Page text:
But the film never claims to be a historical documentary, and seeking veracity in this movie is a quibbler's way to avoid enjoying an implausibly good story. At its heart, Django Unchained is a fantasy that features a love-struck black man doing whatever he must to save and be reunited with the love of his life, a black woman. That story is rare, and I loved the idea of it.
Beneath the surface, though, there are other stories and messages that are equally rewarding and subversive to those who look for such things in pop culture's racial messaging. Contrary to the conventions of Hollywood, Tarantino allowed the titular black hero (played by Oscar-winner Jamie Foxx) to live through the closing credits. The white sidekick, Dr. King Schultz (played by Christoph Waltz), was a catalyst to the title character's self-actualization. He wasn't Django's savior. It's a subtle thing, but one that turns the "noble other" motif of black or Native American sidekick on its head.
To be sure, the movie was a send-up of Hollywood — and Italian — westerns. For a convenient reason, those movies rendered black people nonexistent. Slavery was concurrent with the western expansion that undergirded the cowboy theme. Historically, filmmakers didn't know how to deal with Manifest Destiny and slavery at the same time, so they omitted the inconvenient parts of history. When did anyone see an African-American in a movie or television western with Roy Rogers, Gene Autry, or Audie Murphy?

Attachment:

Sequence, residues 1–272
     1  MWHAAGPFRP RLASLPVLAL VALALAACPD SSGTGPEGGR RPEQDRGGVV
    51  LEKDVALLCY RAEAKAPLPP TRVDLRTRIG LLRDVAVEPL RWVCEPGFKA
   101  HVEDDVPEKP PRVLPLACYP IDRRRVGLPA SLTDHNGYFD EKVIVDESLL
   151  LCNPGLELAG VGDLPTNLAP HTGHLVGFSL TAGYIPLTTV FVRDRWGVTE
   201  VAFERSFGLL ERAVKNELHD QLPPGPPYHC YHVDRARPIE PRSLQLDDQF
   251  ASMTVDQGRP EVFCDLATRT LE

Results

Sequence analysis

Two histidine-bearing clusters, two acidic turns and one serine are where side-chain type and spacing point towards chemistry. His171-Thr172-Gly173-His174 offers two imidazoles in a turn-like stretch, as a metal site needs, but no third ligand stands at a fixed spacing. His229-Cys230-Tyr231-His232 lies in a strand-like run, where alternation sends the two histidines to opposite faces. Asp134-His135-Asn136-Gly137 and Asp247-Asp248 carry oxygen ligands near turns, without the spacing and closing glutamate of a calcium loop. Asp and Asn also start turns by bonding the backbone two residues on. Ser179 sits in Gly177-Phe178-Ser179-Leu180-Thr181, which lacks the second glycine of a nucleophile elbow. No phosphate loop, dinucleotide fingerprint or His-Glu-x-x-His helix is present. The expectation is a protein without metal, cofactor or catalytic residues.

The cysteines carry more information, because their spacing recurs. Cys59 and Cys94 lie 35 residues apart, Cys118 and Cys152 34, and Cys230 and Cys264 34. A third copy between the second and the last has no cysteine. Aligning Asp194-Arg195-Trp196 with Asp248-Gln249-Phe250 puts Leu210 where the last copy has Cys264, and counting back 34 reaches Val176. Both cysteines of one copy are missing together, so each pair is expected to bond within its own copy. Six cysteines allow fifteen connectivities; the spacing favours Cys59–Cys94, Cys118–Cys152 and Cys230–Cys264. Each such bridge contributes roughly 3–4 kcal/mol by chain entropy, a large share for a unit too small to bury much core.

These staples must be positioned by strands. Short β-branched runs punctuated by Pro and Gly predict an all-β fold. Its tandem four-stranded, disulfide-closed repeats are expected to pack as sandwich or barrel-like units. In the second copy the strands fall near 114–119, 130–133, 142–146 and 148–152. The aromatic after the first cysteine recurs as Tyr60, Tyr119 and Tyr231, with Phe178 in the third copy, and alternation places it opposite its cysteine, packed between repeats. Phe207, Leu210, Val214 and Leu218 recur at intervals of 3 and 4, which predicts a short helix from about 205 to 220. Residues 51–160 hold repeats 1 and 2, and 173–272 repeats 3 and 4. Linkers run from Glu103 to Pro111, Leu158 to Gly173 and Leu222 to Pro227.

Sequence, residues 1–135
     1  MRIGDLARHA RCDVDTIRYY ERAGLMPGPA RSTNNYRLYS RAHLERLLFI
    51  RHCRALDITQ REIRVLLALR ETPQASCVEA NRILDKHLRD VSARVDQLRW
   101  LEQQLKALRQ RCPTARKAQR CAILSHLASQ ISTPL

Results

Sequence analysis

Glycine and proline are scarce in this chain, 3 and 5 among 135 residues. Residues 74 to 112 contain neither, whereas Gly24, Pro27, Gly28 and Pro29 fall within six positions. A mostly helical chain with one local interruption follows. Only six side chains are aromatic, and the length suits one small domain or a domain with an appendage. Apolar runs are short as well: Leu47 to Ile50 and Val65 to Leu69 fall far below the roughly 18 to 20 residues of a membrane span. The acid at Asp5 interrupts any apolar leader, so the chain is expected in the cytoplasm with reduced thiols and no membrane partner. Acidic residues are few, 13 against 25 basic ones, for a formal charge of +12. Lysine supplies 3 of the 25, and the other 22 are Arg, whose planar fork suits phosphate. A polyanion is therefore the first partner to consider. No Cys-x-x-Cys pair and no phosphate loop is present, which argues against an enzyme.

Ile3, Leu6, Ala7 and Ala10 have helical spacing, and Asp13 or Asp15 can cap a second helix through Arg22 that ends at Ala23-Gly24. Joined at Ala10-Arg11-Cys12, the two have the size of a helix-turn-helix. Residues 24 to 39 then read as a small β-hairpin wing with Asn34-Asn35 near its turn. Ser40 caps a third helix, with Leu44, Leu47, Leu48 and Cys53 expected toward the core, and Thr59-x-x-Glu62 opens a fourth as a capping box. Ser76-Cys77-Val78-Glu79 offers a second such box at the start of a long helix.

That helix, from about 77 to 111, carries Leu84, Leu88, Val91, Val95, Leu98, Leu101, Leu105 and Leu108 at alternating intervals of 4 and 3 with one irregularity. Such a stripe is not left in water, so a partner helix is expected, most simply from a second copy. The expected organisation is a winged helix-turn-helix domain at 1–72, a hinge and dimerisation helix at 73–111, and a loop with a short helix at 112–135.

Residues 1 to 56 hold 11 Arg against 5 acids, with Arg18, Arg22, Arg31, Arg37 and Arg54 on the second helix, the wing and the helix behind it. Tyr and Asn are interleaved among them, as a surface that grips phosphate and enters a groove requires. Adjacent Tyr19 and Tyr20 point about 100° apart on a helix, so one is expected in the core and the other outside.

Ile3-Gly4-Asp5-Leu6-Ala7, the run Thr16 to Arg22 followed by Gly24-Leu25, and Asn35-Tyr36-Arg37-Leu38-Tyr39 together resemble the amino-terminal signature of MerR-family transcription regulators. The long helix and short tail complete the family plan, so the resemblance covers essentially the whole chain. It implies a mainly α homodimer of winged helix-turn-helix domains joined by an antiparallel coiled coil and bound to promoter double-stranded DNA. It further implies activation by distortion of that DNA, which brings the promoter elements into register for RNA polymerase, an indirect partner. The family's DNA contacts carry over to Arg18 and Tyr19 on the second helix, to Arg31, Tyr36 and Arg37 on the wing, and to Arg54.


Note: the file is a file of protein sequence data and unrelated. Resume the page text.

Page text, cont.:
Tarantino, on the other hand, wanted to put the two together, allowing the improbable storyline of a vengeance-seeking, lovelorn, black cowboy-turned-bounty-hunter, who confronts slavery, racism, and the other unmentionables of the Western genre. I loved that, too.
Movies aren't always letter-perfect truth telling. To make them so would wring the pleasure out of the story. Veracity often just isn't very entertaining. But Django Unchained is pure escapism. I found it shared more in common with another Western that featured an equally improbable black-cowboy leading character, Mel Brooks's 1974 Blazing Saddles — only Tarantino's film included heaps of blood-spattering violence.
About the violence that has become a hallmark of Tarantino's films: There's so much of it and the scenes are so splatter happy that I stopped being alarmed after the first 10 minutes. Of course, there's a danger in that reaction, especially in these post-Newtown, Connecticut, days. But that's not a racial issue as much as a contemporary cultural one.
The outlandish shootouts in Django Unchained resemble the scenes of Wile E. Coyote in a Road Runner cartoon being knocked off a cliff, run over by a truck, and having an anvil dropped on his head. When you see the amounts and kinds of violence in this movie, you become desensitized and stop taking any of it seriously. Unfortunately.
Indeed, toward the end there's an extremely gore-filled shootout that Django amazingly survives. It's utter fantasy. But wait."¦ There's more to come. The closing violence is so incredible as to be laugh-out-loud funny, even if a woman is among those shot dead.
Bottom line: Despite Spike Lee's objections, Django Unchained isn't as racially offensive as it is an entertainingly escapist and disturbingly thought-provoking movie. Isn't that what art is supposed to be?
Sam Fulwood III is a Senior Fellow at the Center for American Progress and Director of the CAP Leadership Institute. His work with the Center's Progress 2050 project examines the impact of policies on the nation when there will be no clear racial or ethnic majority by the year 2050.